The appearance of ships and shipboard equipment on the outside suggests how well things are operating on the inside, and more importantly contributes to the health, safety and happiness of the vessel and crew.
''Housekeeping oversights rarely go unnoticed during port state control or vetting inspections, ISM audits and condition surveys. A well-kept vessel is sure to make a good first impression.'' The American Club noted.
Especially in these challenging times, personal hygiene is the very best weapon in the fight against this contagious disease. Moreover, since everyone can be infected when they touch a surface with virus particles on it and then touch their own mouth, nose or eyes, maintaining a good housekeeping is vital. According to the American Club, few of the key tips for proper hygiene onboard are the following:
Cabins and guest rooms
What to look for: Cabin and guest rooms are clean and tidy, tiles and flooring are in place, light fixtures and bulbs are functional, and no traces of food left out to attract vermin or insects.
Task: Periodic cabin and guest room inspections and prompt reporting and repair of any issues. Ensure shoes, clothing and equipment are stowed in cabins or designated locker rooms.
Toilets and facilities
What to look for: Toilets are clean and operational. Shower, shower curtain, and sinks are free of mold, mildew, or soap scum.
Tasks: Report and repair any nonfunctional toilets. Use cleaning products that will not harm the bacteria in your ships marine sanitation device (MSD). Remove and prevent mildew buildup in shower, keep all facilities sanitized and tidy.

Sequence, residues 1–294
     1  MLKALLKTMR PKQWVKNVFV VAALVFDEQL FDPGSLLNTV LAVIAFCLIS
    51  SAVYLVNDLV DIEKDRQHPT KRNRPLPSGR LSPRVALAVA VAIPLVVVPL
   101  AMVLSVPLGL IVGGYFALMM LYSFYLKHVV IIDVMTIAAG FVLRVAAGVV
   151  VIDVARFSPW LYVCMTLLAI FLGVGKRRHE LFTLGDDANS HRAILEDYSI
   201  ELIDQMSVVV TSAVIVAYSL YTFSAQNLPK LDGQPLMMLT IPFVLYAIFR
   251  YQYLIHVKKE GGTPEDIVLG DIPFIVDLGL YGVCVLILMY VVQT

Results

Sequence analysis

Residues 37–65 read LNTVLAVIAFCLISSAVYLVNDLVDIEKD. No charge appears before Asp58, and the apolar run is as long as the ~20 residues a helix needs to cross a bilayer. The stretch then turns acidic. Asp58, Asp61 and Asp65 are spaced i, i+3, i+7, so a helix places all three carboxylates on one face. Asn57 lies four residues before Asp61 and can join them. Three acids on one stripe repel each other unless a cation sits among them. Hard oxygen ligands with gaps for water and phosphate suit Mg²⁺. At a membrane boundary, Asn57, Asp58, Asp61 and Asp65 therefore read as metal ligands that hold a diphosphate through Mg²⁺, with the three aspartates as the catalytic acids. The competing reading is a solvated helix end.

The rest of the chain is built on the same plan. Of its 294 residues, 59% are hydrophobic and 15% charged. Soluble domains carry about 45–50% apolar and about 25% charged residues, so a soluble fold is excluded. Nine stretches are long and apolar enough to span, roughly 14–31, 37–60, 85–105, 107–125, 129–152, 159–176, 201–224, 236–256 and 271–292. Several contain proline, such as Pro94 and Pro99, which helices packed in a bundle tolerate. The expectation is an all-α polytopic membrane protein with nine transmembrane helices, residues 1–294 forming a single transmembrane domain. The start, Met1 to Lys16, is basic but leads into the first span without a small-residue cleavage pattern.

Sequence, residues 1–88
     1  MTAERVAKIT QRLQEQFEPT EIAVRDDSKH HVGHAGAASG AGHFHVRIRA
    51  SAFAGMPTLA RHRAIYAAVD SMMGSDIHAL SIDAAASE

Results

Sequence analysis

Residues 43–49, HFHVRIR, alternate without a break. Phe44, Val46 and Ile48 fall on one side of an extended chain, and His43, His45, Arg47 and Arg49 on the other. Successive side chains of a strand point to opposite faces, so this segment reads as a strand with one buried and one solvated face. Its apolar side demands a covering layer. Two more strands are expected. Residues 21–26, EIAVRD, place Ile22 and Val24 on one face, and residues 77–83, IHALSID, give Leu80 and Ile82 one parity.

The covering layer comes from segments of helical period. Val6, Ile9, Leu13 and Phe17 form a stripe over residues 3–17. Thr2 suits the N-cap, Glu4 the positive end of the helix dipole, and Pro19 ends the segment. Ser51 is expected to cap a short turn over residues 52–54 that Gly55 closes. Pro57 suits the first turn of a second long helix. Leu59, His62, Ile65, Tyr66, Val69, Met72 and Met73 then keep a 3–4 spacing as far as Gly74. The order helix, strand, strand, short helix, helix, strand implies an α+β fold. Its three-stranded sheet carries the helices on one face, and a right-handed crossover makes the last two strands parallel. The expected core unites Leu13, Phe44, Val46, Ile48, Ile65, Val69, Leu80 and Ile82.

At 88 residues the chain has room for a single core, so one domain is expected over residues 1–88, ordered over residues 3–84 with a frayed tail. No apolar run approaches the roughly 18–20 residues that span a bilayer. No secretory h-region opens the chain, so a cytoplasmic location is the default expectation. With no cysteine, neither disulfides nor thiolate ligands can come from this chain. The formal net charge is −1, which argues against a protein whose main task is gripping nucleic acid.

What to look for: A disorganized medicine cabinet and medical supplies which have been stored haphazardly.
Task: Stow medicines and medical supplies in an orderly fashion and regularly check and update the inventory. Cabinets or containments should be labeled and expired medicines properly disposed of.
What to look for: Adequate cleaning supplies provided onboard.
Task: Cleaning supplies are available to crewmembers with cleaning duties and for cabins and guest rooms. Crew should be advised on the proper use of cleaning agents and have the corresponding material safety data sheets (MSDS) available for referral.
What to look for: Expired or spoiled foods, vermin infestation or vermin droppings. Food stored on the shelves in a disorganized fashion and food items stowed on the deck.
Task: Remove food items placed directly on the deck, arrange food neatly on the shelves and in a dry, temperature controlled and well-ventilated area.
Keep in mind that in light of the COVID-19 outbreak situation, good vessel hygiene contributes to first of all the health, safety and happiness of the vessel and crew.
Further details may be found herebelow